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Rodgers and Hammerstein’s tale of love amidst war comes to Olney Theatre

Rehearsal of “There is Nothing Like a Dame” with star Jessica Lauren Ball from the classic musical “South Pacific,” coming to Olney Theatre Center. COURTESY PHOTORehearsal of “There is Nothing Like a Dame” with star Jessica Lauren Ball from the classic musical “South Pacific,” coming to Olney Theatre Center.   COURTESY PHOTO  Every actor has a dream role, said Jessica Lauren Ball. Hers is Nellie Forbush, the affable nurse whose love for a wonderful guy is almost undone by her prejudices, in the musical “South Pacific.”

“It’s been at the top of my list,” Ball said. “I love Rodgers and Hammerstein in general, and this is a wonderful show.”

Rodgers wrote the music, and Hammerstein, the lyrics. Hammerstein co-wrote the book, with Joshua Logan.

Even when she was in high school, Ball’s friends kept telling her she’d make “an amazing Nellie Forbush.” Ball agreed she is energetic and a “cockeyed optimist,” as the character Forbush describes herself.

So, “excited” is an understatement of how she felt, said Ball, when director Alan Muraoka cast her in the role for Olney Theatre Center’s production of the 1949 Tony Award-winning Broadway musical, which opens the theater’s 2018-2019 season.

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Highwood Theatre presents student productions of musicals ‘Godspell’ and ‘My Fair Lady’

Students rehearse for the iconic musical “Godspell,” one of two Highwood Theatre summer productions. COURTESY PHOTOStudents rehearse for the musical “Godspell,” one of Highwood Theatre's summer productions. COURTESY PHOTO  Summer may be overall slow, but Highwood Theatre is gearing up for two student musical productions.

First, there’s “Godspell” – this year’s Musical Theatre Intensive program for seventh through 12th graders.

The show, with concept and book by John Michael Tebelak and music and new lyrics by Stephen Schwartz, brings vaudevillian elements and diverse musical styles to a contemporary take of the Gospel of St. Matthew.

Henry Gottfried, an actor who appeared in the first national tour of “Bright Star” and the TV production of “Peter Pan Live!” is directing.

“This seemed like a stretch of the muscles,” he said.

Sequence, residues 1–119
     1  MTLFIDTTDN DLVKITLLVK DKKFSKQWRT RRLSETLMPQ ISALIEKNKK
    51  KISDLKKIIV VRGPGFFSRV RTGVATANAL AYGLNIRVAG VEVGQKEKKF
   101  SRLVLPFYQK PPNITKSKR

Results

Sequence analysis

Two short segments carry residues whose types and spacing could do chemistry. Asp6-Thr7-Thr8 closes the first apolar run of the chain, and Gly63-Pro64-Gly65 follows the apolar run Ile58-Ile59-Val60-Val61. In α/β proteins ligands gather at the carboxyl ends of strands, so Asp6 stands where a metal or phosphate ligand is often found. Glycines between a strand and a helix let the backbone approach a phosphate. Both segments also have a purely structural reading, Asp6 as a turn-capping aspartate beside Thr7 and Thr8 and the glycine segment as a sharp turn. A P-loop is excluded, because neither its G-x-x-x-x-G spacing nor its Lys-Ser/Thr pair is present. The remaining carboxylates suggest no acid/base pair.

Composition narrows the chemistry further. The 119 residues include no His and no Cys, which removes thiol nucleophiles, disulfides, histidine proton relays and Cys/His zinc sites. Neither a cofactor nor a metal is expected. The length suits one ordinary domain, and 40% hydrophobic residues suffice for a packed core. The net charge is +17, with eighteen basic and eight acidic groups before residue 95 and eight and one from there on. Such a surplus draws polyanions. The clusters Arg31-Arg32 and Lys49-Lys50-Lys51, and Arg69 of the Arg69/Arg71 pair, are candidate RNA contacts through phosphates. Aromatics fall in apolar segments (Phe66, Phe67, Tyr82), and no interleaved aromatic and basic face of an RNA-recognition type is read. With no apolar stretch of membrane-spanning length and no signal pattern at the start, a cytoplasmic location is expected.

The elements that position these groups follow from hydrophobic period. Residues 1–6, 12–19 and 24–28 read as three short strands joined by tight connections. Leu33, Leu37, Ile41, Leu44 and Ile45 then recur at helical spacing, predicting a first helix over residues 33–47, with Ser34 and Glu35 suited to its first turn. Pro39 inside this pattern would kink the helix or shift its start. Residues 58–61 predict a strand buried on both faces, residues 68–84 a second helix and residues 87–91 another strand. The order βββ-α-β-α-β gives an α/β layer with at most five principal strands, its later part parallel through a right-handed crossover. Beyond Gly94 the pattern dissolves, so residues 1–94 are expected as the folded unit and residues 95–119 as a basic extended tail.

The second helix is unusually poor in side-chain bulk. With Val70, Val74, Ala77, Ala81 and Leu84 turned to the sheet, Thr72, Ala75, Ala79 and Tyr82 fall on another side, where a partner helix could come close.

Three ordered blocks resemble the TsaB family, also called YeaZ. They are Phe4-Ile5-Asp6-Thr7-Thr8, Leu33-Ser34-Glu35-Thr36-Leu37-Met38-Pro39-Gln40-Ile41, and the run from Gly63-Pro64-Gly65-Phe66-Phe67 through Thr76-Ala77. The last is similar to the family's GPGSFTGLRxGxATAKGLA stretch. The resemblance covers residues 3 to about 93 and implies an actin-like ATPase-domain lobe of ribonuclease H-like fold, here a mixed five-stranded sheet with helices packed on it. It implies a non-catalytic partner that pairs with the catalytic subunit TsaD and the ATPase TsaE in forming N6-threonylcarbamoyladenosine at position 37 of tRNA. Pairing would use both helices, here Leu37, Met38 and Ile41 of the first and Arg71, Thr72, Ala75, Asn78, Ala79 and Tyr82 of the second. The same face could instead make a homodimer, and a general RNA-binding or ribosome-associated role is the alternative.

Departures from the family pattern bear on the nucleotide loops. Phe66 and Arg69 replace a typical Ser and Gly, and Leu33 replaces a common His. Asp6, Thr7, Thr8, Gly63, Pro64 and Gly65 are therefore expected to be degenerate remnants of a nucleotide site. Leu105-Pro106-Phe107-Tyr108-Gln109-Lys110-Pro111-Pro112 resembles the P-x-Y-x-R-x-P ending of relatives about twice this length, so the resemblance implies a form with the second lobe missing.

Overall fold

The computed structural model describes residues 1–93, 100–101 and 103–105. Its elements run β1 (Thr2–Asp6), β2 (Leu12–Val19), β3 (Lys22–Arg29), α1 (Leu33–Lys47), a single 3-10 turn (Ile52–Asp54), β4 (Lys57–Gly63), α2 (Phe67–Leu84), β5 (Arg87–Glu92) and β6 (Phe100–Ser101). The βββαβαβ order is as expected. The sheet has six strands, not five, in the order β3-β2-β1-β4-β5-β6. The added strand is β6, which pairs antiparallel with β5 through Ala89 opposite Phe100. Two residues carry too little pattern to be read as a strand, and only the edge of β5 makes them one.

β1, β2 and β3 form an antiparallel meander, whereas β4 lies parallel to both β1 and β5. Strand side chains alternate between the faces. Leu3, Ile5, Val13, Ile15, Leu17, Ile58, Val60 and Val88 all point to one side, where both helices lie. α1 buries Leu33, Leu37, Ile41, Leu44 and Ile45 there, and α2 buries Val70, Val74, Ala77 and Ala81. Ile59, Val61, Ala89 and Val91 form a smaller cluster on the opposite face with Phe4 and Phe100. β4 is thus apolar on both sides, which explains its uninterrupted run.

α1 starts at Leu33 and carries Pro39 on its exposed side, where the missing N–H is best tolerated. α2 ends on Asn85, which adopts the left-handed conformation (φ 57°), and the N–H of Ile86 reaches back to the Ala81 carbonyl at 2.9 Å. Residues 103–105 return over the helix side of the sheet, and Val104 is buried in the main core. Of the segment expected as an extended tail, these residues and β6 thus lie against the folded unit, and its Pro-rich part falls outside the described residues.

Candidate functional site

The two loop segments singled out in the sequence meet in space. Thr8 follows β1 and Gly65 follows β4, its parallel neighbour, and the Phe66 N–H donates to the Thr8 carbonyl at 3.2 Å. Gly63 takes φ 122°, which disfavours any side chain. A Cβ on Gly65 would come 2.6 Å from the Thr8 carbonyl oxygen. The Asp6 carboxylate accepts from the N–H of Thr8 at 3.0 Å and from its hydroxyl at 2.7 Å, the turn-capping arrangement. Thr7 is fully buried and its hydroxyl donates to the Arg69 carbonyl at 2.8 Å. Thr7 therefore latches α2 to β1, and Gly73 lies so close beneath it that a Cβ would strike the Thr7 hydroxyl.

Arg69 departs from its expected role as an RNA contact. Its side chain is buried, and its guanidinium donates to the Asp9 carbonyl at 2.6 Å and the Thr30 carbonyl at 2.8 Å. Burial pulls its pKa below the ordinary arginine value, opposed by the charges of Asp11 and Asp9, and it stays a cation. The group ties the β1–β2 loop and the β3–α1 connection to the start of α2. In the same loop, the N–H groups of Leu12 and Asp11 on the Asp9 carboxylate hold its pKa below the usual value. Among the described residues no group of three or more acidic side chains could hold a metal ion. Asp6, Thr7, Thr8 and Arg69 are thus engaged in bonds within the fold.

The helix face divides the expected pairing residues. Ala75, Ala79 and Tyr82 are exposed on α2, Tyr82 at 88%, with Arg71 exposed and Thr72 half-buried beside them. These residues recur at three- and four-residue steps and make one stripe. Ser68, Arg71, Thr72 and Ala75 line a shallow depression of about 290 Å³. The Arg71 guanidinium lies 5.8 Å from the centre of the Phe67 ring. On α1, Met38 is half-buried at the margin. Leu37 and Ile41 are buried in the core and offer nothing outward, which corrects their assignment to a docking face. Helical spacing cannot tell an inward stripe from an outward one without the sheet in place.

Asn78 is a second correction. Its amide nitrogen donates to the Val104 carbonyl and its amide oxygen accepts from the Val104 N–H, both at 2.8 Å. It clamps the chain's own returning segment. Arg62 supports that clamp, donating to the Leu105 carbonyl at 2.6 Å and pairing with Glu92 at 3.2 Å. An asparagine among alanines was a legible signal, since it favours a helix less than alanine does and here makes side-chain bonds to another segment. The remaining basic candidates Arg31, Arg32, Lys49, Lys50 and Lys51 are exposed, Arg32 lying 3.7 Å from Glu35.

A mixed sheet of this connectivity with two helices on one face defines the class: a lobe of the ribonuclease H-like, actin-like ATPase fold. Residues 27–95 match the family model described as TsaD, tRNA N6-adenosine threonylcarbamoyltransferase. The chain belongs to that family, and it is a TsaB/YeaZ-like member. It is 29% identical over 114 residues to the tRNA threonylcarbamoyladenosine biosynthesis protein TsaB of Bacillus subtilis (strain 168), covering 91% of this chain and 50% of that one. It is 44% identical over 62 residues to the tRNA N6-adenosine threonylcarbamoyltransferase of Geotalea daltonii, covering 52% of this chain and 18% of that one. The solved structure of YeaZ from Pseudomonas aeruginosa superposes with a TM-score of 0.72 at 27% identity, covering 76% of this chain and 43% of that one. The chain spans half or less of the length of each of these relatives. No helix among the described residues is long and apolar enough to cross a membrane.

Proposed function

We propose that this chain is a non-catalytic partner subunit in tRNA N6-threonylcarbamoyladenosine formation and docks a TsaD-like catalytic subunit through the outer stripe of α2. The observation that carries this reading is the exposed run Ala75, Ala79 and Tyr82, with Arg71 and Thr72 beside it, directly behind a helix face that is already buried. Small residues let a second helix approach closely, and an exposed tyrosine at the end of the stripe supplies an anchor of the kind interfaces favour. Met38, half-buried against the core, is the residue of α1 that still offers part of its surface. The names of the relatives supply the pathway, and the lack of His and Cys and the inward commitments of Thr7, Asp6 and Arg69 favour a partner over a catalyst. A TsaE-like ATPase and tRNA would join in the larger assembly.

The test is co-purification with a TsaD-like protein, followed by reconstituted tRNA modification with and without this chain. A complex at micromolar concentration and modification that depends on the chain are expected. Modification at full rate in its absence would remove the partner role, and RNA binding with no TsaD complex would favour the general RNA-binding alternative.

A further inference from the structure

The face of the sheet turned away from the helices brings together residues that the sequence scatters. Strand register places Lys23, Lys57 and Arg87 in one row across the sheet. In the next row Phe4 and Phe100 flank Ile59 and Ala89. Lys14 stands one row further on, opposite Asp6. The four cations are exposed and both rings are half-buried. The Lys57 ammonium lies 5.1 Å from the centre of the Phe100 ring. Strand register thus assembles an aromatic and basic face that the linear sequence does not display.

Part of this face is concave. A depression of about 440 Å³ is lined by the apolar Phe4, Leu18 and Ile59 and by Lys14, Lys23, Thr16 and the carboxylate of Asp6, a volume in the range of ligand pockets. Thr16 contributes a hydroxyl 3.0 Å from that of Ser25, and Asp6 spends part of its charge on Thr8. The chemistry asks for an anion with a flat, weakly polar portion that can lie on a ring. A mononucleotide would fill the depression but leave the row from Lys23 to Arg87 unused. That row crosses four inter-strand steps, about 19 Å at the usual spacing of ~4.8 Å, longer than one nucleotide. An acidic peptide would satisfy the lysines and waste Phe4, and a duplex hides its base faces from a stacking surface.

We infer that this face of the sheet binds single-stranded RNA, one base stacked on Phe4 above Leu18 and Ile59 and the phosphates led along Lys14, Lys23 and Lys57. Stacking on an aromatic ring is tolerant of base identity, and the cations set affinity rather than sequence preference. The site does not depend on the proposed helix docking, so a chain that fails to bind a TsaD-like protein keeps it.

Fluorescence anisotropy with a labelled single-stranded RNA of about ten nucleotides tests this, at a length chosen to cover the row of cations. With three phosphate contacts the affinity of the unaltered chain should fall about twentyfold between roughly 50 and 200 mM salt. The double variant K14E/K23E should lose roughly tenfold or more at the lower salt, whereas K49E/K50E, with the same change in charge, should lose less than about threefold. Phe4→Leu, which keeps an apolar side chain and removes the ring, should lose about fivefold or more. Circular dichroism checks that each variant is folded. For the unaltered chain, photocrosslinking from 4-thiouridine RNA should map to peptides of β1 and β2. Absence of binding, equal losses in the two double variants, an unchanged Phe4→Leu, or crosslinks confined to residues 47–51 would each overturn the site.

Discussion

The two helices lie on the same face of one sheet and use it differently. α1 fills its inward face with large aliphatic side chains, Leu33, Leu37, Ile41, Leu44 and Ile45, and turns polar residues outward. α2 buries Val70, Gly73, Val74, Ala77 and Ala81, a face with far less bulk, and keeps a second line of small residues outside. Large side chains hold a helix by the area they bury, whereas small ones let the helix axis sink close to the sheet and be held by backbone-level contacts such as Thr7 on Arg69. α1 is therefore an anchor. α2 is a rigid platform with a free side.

It’s also new for Gottfried to be directing kids this age.

“But young actors are pretty gung-ho” he said. “Because this is summer camp, these kids have chosen to be there.”

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Madcap Cole Porter musical on stage at Rockville Musical Theatre

Melani Drummer as Reno Sweeney surrounded by sailors in the musical “Anything Goes.” COURTESY PHOTO Melani Drummer as Reno Sweeney surrounded by sailors in the musical “Anything Goes.” COURTESY PHOTO  Prolific, multitalented composer-lyricist Cole Porter wrote many shows, but two in particular have endured. One is “Kiss Me, Kate,” a play-within-a-play about a troupe of actors putting on Shakespeare’s “The Taming of the Shrew.”

The other is Rockville Musical Theatre’s next offering, “Anything Goes.”

The action takes place on a ship, with an odd collection of characters, including: a sexy evangelist-turned-nightclub singer; a debutante and her British lord fiancé; a stowaway in love with the debutante and masquerading as a gangster; and actual gangster Public Enemy Number 13.

Melani Drummer is playing Reno Sweeney, the nightclub singer – the role originated on Broadway by Ethel Merman. She did her first musical, “The Wizard of Oz,” at age 9, and her first professional show, “The Commitments,” at 16. She then went on to study musical theater, performing all around the world, including South Africa.

“Since moving to the United States, I took a 10-year sabbatical from acting to raise my children,” she said. “In the last two years, I returned to the stage to play Jack’s mother in Way Off Broadway’s ‘Into the Woods’ and Dorothy Brock in Sterling Playmakers’ ‘42nd Street.’”

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Imagination Stage’s “Charlie Brown” highlights joys and honesty of childhood

Snoopy (Joe Mallon) and title character (Christopher Michael Richardson) enjoy special friendship in “You’re a Good Man, Charlie Brown” at Imagination Stage.  COURTESY PHOTO Snoopy (Joe Mallon) and title character (Christopher Michael Richardson) enjoy special friendship in “You’re a Good Man, Charlie Brown” at Imagination Stage. COURTESY PHOTO  Television specials, feature-length movies, books, dolls and figurines, a popular line of greeting cards, not to mention a hit off-Broadway musical production that has had countless revivals. What fictional character based on a comic strip receives all those honors, even after his creator has passed away?

Charlie Brown, that’s who. He and five of his pals from the Peanuts comic strip likely will bring joy to audiences in “You’re a Good Man, Charlie Brown,” the musical now at Imagination Stage.

Christopher Michael Richardson plays Charlie Brown, described as an everyman with changing moods but ultimate optimism.